Thousands fed at Tabgha with 5 loaves & 2 Fishes

This mosaic floor from a 3rd-century church at Tabgha was incorporated into the newer Church of the Multiplication, which stands on the site.

This mosaic floor from a 3rd-century church at Tabgha was incorporated into the newer Church of the Multiplication, which stands on the site.

Tabgha is the site on the northwestern shore of the Sea of Galilee traditionally believed to be where Jesus miraculously multiplied two fish and five loaves of bread to feed 5,000 men plus uncounted women and children.

After a long day of walking from village to village and teaching, Jesus and his disciples were tired and hungry. They went to a secluded place to rest, but were met by a huge crowd of people who came from all around to hear from this man, whose reputation as an enlightened teacher preceded him. There beside the sea, with the breeze in the palms and the waves lapping the shore, a multitude of faces looked to Jesus with hushed anticipation.

Jesus knew that many of the people were missing their dinner to be there, so he told the disciples to feed them. “With what?” they asked. “We have exactly 2 fish and five loaves of bread, barely enough to feed ourselves.” He told them not to worry and sent them out to organize the crowd into smaller groups. Then he prayed over the food. When the disciples returned, Jesus began handing them bread and fish to distribute to the people. The food kept coming until everyone was fed. There were even leftovers, enough to fill 12 baskets.

Church of the Multiplication at Tabgha

Church of the Multiplication at Tabgha

Church of the Multiplication at Tabgha, the loaves and fishes mosaic is immediately in front of the alter

Church of the Multiplication at Tabgha

Later than night, after the people had all gone home, Jesus went off by himself to pray. Just before dawn, when he saw the disciples out on the lake, struggling to row against the wind, he walked out to them. They thought he was a ghost and were pretty alarmed. Jesus assured them he was not a ghost but Peter wanted proof. Ghost or not, it had to be a shocking thing to see. So, Jesus told Peter to get out of the boat and join him, standing on the water. Peter got out of the boat and took a few steps, no problem, but when he took his eyes of Jesus, he began to sink. Jesus grabbed him and hauled him safely into the boat.

Tabgha is usually included in Christian itineraries of Israel. The city of Tiberias makes a good hub for touring the Galilee region. For itineraries that include visits to Tabgha click here and here.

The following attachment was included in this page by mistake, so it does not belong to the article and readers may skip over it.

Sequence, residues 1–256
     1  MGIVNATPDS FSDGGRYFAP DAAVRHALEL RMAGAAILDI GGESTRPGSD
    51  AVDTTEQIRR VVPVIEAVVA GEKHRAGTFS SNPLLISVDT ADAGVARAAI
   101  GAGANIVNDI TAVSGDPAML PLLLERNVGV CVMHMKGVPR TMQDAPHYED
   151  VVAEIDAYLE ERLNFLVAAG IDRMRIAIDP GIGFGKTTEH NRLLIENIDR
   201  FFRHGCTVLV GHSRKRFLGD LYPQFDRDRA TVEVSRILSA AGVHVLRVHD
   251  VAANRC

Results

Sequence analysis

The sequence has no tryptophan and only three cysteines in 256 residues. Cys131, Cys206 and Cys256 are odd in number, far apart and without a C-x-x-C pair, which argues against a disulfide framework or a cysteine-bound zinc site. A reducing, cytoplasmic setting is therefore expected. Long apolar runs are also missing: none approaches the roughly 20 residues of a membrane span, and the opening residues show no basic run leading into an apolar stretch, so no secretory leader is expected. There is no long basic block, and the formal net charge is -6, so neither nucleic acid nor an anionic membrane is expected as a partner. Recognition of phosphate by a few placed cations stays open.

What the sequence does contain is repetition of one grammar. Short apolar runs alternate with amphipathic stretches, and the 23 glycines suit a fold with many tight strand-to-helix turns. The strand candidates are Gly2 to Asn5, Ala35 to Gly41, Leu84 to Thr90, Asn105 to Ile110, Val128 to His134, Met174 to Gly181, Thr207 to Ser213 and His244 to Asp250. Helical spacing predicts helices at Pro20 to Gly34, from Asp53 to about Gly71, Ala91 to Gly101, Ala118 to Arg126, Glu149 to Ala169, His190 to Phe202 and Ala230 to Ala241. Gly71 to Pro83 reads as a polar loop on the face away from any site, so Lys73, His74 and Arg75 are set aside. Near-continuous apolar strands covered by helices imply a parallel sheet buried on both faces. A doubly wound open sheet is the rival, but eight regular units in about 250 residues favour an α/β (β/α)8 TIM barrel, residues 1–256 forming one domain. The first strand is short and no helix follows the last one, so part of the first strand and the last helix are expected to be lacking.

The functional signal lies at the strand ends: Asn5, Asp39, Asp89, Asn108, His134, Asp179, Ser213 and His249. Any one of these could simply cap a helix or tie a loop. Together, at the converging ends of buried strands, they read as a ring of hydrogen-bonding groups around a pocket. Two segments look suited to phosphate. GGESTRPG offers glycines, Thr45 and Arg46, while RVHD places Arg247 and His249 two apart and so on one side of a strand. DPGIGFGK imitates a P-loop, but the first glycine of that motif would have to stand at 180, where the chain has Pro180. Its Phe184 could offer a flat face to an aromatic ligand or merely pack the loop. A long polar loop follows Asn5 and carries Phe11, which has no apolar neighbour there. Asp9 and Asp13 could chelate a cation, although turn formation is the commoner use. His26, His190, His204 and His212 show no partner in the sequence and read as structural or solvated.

Read about the “Jesus Boat” discovered in the Sea of Galilee here.

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This stretch of the Kidron Valley lies between Mount Moriah and the Mount of Olives in one of the world’s holiest cities. The valley continues eastward about 20 miles to the Dead Sea. The valley and adjacent slopes have been burial grounds for thousands of years due to their association with End Times in Judaism, Christianity and Islam.

 

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Byzantine Christians named this ancient citadel The Tower of David because they mistakenly understood one of the Herodian watchtowers to have been built by the 2nd king of the land. In modern times, the Tower of David refers to the 17th-century Ottoman minaret, which adjoins the Mamluk mosque built within the citadel grounds. Today, the Tower of David is a museum, with historical, cultural and art exhibits, as well as activities and lectures.

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Foto Friday – Israel

Anemonies in bloom in the Galilee, photo by Itamar Grinberg, courtesy of the Israel Ministry of Tourism

Anemonies in bloom in the Galilee, photo by Itamar Grinberg, courtesy of the Israel Ministry of Tourism

"Mona Lisa of the Galilee" in Zippori (Sepphoris), photo by Itamar Grinberg, courtesy of the Israel Ministry of Tourism

“Mona Lisa of the Galilee” in Zippori (Sepphoris), photo by Itamar Grinberg, courtesy of the Israel Ministry of Tourism

Nubian Ibex in the Negev Desert, photo by Dafna Tal, courtesy of the Israel Ministry of Tourism

Nubian Ibex in the Negev Desert, photo by Dafna Tal, courtesy of the Israel Ministry of Tourism

the Galilee, photo by Itamar Grinberg, courtesy of the Israel Ministry of Tourism

the Galilee, photo by Itamar Grinberg, courtesy of the Israel Ministry of Tourism

Holy Sepulchre Church, Jerusalem, photo by Noam Chen, courtesy of the Israel Ministry of Tourism

Holy Sepulchre Church, Jerusalem, photo by Noam Chen, courtesy of the Israel Ministry of Tourism

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The Western Wall, built around 19BCE, is among the world’s most holy places, but much of it is hidden behind unrelated structures built up against it over the centuries. The section commonly known as the Western Wall is only about 200 feet of a total length of 1600 feet . Fifty years ago tunnel excavations began to reveal the full length of the wall, as well as the lower 17 courses below modern street level. One of many interesting things uncovered in 20 years of digging is the wall’s largest stone, which is 45 feet long, 10 feet tall and weighs 570 tons!

 

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